(photo of the sky from my balcony)
When I was child, I used to spend hours lying on the terrace and looking at the sky. The changing colours, the wind, the clouds, the planes, birds and sometimes the flying kites– all fascinated me. In particular I loved sunsets. As I grew up, my focus become more on the things in front of me- the book, the desk and later on, the computer- and inside the room. Many years ago, I think it was Mia Farrow, who was asked how she got her creativity. She replied that she always looks up at the sky. Someone also wrote that while we are stuck inside, we forget to look at the amazing drama of the skies going on. Again, I remember someone who photographed the skies from his window for a whole year- I think it is available as a book. All great thinkers and creative people used to take walks outside and look at the skies. John Constable said words to the effect that ‘light was his teacher’. Nichiren says, “There are trails in the sky where birds fly, but people cannot recognize them. There are paths in the sea along which fish swim, but people cannot perceive them. All people and things of the four continents are reflected in the moon without a single exception, but people cannot see them.”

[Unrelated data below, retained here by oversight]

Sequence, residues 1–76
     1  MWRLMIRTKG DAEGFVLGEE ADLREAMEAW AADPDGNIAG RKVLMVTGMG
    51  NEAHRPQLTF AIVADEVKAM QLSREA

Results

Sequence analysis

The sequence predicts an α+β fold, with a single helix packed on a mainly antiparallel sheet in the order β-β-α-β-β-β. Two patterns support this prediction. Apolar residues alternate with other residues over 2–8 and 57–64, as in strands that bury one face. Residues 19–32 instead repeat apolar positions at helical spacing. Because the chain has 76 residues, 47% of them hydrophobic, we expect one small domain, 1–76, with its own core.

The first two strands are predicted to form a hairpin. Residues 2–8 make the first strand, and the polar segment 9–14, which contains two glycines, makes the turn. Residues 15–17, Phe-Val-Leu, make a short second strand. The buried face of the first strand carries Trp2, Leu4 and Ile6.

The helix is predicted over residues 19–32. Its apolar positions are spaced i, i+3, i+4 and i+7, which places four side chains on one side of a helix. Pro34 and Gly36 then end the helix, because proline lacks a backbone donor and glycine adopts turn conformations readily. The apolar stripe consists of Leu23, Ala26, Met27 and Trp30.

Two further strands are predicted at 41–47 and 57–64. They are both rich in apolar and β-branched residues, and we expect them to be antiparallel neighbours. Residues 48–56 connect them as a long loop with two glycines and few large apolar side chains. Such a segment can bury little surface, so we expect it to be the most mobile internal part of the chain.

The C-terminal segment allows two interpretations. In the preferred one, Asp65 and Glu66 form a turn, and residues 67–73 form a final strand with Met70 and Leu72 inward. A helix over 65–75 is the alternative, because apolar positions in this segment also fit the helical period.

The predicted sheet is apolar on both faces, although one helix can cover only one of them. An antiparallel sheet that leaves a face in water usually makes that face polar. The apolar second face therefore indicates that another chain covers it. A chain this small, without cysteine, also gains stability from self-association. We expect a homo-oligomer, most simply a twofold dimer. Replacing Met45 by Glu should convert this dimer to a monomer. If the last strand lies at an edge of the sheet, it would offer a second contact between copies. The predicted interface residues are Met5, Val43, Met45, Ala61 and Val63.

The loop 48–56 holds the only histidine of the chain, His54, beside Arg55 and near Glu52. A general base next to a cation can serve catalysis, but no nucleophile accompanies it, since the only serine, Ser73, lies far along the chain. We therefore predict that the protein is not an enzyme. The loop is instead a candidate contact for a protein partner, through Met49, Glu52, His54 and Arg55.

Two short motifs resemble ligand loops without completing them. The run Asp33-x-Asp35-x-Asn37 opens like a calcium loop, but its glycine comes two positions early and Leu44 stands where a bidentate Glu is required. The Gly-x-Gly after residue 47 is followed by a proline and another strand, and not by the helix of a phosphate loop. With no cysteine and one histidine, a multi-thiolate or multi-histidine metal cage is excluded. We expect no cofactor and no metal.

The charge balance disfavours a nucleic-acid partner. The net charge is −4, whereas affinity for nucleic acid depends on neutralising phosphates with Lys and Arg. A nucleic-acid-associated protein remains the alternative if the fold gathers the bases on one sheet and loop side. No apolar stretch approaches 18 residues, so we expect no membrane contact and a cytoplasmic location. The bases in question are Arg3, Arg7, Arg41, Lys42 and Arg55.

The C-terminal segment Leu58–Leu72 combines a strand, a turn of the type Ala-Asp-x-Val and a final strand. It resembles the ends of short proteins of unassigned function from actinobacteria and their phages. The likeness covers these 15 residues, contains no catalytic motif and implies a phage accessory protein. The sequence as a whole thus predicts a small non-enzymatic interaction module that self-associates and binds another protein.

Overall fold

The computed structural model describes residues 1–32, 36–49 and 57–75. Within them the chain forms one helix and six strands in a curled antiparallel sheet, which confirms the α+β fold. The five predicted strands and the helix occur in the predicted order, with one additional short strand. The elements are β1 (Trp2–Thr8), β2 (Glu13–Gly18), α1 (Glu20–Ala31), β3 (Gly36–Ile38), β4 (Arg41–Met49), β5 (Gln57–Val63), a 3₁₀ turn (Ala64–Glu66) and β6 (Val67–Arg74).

I remembered then how I used to look at the sky so much as a child and sure, it increased my creativity. It was not wasted time but a time for rejuvenation, rest and reflection. We tend to forget what we did as children, when we were freer of constraints- free of having to do’s- instead we found our own natural, instinctive and low cost ways of being creative. Fortunately I always found the right house (or rather the house found me!), where I can look at the uninterrupted expanse of sky. I try to photograph these amazing scenes and they are on my computer or my camera for me to look at- even those are inspiring. However, nothing beats looking at the real thing!
So now go out and have a look at this amazing thing above you- it is always there and always changing. It will give you an instant creativity shot!